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Originally published August 24, 2012 at 12:52 PM | Page modified August 24, 2012 at 12:52 PM

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Keep your shoes on: Scanning machines fail test at U.S. airports

The vast majority of travelers in the United States must continue to take off their shoes at airport security checkpoints, says TSA.

The New York Times

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WASHINGTON — After spending millions of dollars testing four different scanning devices that would allow airline passengers to keep their shoes on at security checkpoints, the U.S. government has decided for now that travelers must continue to remove their footwear, by far the leading source of frustration and delays at the airport.

The Transportation Security Administration said it had rejected all four devices because they failed to adequately detect explosives and metal weapons during tests at various airports. One of the scanners is now used in airports in 18 countries.

Last September, Secretary Janet Napolitano of the Homeland Security Department raised hopes when she said that research and development on scanning machines was progressing and that air travelers would eventually be able to keep their shoes on.

But nearly a year later, the TSA, which is overseen by Homeland Security, said it was not any closer to finding a solution. Lisa Farbstein, an agency spokeswoman, would not address why it had rejected the devices.

"But overall, the machines we tested didn't detect all the materials we were looking for," she said.

Over the years, the government has tried to streamline airport security and cut down on long lines and complaints. Elderly passengers and children may go through security screenings without taking off any clothing. And a prescreening program at 20 airports allows approved passengers to keep on their shoes, belt or jackets and does not require laptops and toiletries to be removed from carry-on baggage. The growing use of full-body scanners also allows travelers to go through security lines faster, the government said.

But no part of airport security has drawn more criticism from passengers than removing their shoes, according to the U.S. Travel Association, a trade group in Washington. Passengers say they hate taking off their shoes more than pat-downs and full body scans, the association said.

"It's had enough of an impact that it has pushed people toward other forms of transportation," said Robert Bobo, a spokesman for the association.

TSA officials acknowledge the shoe headaches and say the procedure contributes to longer lines at the checkpoints.

"The removal of footwear takes time, reduces the efficiency of the checkpoint, creates safety concerns with footwear removal and contributes to passenger dissatisfaction," the agency said in a blog post last year.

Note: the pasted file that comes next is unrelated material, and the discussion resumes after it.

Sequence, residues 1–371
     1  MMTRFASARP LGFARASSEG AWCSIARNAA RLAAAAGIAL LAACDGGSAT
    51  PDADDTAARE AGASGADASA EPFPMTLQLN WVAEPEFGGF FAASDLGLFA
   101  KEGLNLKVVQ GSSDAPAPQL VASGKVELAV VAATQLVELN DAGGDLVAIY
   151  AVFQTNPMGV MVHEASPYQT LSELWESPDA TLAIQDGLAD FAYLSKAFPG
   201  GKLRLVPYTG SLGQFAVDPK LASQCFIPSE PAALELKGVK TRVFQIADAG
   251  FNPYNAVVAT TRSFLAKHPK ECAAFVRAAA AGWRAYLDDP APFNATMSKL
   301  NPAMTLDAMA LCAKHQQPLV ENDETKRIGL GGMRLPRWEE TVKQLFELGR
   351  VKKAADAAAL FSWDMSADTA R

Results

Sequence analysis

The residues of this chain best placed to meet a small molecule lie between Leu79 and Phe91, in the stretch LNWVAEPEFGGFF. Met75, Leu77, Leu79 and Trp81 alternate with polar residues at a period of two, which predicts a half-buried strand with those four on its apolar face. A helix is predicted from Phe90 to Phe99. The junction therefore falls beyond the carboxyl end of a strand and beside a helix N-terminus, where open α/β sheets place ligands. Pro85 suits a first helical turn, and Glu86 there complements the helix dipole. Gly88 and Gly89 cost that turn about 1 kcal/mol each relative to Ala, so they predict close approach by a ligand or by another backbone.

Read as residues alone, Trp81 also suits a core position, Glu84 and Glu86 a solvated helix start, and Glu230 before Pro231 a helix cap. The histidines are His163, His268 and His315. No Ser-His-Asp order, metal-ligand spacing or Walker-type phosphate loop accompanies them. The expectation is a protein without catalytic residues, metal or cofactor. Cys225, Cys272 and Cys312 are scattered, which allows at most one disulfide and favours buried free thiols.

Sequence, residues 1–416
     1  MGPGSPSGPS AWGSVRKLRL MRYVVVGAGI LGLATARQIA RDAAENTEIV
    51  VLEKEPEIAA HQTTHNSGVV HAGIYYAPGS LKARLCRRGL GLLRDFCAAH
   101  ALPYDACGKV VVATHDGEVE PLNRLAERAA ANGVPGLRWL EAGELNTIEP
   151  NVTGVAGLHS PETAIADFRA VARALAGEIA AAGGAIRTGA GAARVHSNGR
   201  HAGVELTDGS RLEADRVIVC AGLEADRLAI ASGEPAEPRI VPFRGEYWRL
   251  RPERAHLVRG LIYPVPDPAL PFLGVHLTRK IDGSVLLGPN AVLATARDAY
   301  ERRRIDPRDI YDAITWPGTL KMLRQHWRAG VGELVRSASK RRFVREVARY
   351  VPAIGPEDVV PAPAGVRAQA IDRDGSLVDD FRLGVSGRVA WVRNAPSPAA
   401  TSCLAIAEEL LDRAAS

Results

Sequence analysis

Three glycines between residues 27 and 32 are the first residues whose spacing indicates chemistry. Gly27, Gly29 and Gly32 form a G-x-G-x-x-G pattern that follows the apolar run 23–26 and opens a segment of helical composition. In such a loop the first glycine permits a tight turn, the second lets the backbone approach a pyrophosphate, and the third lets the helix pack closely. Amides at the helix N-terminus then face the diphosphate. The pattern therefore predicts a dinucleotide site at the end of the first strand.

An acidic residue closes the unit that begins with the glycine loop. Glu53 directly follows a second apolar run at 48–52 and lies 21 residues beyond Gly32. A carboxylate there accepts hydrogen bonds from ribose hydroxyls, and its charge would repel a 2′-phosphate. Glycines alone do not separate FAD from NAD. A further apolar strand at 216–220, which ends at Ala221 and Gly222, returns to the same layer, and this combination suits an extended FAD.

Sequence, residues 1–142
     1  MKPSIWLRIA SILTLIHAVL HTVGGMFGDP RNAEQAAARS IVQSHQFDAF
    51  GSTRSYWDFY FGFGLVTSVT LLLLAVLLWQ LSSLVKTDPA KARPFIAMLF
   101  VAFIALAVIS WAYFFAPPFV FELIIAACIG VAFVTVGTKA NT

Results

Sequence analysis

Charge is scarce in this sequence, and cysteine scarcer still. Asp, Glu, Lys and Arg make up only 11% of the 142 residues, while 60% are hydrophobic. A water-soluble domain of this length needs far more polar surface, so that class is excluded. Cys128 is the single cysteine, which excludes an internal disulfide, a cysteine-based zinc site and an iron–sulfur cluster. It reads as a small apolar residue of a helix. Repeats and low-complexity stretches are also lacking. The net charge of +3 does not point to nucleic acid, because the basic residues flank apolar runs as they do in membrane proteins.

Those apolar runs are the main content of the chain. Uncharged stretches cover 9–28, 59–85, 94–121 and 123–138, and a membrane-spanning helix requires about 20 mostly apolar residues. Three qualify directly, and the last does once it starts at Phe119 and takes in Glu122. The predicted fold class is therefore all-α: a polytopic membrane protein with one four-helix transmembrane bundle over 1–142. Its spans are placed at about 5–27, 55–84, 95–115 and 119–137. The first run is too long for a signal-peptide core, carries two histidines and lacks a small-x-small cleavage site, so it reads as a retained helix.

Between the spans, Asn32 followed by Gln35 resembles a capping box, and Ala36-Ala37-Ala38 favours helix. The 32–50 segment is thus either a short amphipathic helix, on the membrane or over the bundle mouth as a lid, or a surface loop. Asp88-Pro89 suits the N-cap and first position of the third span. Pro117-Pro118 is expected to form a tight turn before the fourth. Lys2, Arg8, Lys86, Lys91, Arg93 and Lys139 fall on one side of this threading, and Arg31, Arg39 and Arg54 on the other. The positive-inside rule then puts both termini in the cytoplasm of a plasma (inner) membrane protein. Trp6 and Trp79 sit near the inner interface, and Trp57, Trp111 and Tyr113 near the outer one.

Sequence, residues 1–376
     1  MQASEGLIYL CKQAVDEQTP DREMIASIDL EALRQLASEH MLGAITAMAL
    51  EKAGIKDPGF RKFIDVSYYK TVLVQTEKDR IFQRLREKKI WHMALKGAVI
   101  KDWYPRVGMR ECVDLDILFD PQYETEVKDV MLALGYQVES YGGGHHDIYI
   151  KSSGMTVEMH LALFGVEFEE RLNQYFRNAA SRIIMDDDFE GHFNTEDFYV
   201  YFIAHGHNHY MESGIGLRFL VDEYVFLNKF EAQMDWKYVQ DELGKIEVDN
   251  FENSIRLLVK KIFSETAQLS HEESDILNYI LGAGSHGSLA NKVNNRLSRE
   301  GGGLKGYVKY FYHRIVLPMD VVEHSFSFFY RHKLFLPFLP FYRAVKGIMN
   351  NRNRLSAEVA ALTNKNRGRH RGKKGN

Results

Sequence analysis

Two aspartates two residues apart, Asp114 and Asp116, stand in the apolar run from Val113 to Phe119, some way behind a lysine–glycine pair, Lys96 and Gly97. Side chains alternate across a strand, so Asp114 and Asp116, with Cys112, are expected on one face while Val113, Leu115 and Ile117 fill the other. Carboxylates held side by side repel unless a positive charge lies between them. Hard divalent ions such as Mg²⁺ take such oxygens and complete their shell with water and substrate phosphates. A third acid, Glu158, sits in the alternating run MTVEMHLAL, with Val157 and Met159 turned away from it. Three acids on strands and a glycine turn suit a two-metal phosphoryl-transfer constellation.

Testing the scanners

Shoes were ordered off after Richard C. Reid tried unsuccessfully to detonate explosives in his shoes on a flight from Paris to Miami in 2001. Since then, the government says it has found a host of dangerous items in passengers' footwear and says it will not reconsider the requirement until it is satisfied with a scanning technology.

In 2007, the agency tested a General Electric shoe scanner at Orlando International Airport. The next year, it tested two scanning machines made by L3 Communications at Los Angeles International Airport. But none of them passed agency muster.

It also tested a device called Magshoe, which is intended to detect metal and is made by IDO Security, an Israeli firm, that deploys the scanner in hundreds of airports and cruise ships around the world, including in China, Italy and Israel.

Michael Goldberg, the company's president, said the machine can detect explosives containing metal, but not plastic explosives.

Goldberg said the machine performed flawlessly in tests with the TSA. But the agency did not think so.

He said no current technology can detect all of the various chemical compounds used as explosives. Current X-ray machines used to scan shoes can detect metal but are not much help in finding liquids or gels that can be used as explosives.

The government has a $1.4 million contract with Morpho Detection, a subsidiary of the French defense giant Safran, to develop a shoe-scanning machine.

Morpho's scanner can detect chemical compounds and metal objects, said Brad Buswell, the president of Morpho and a former Homeland Security official.

"Our device can detect items to see if there is an explosive in a shoe or simply a pair of Dr. Scholl's inserts," Buswell said.

He said the company will be testing a prototype with the TSA this year.

Many security experts say the security agency is too focused on technologies for intercepting things — guns, knives, explosives — instead of focusing on stopping people.

Rafi Ron, the former chief of security for Israel's Ben Gurion Airport, said the agency should abandon its shoe-removal policy.

"They need a more passenger-based approach instead of looking for items," Ron said.

The Israeli model is based on interviews and profiles of passengers. Screeners quickly try to decide whether a passenger poses a threat based on reactions to a set of questions.

Critics said the Israeli approach would be unworkable in the United States and cause longer lines. Some 803 million passengers passed through airports last year in the United States. Israel, by contrast, screened about 12 million passengers. Critics also say such techniques can turn into racial profiling and other forms of discrimination.

The TSA said that its security measures focus on the risks that passengers pose and that the vast majority of travelers in the United States would continue to take off their shoes.

"It's going to be a part of air travel for the foreseeable future," Farbstein said.

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